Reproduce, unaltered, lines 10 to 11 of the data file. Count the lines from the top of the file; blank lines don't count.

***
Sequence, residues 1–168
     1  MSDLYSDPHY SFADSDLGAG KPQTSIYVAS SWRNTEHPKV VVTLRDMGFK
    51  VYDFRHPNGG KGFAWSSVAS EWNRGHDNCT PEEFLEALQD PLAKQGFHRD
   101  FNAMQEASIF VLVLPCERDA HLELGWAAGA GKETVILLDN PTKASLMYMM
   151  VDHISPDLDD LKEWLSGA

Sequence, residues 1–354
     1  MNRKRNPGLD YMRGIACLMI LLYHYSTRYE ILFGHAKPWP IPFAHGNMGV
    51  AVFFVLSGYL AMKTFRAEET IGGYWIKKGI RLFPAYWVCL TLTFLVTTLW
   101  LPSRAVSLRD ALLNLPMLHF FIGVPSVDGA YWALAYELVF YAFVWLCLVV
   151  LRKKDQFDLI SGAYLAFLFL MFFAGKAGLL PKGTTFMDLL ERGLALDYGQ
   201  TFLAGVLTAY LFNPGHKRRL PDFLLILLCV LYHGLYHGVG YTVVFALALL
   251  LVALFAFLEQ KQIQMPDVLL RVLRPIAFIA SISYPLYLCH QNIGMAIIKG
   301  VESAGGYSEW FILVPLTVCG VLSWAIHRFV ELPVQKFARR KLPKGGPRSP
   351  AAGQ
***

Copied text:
   151  LRKKDQFDLI SGAYLAFLFL MFFAGKAGLL PKGTTFMDLL ERGLALDYGQ
   201  TFLAGVLTAY LFNPGHKRRL PDFLLILLCV LYHGLYHGVG YTVVFALALL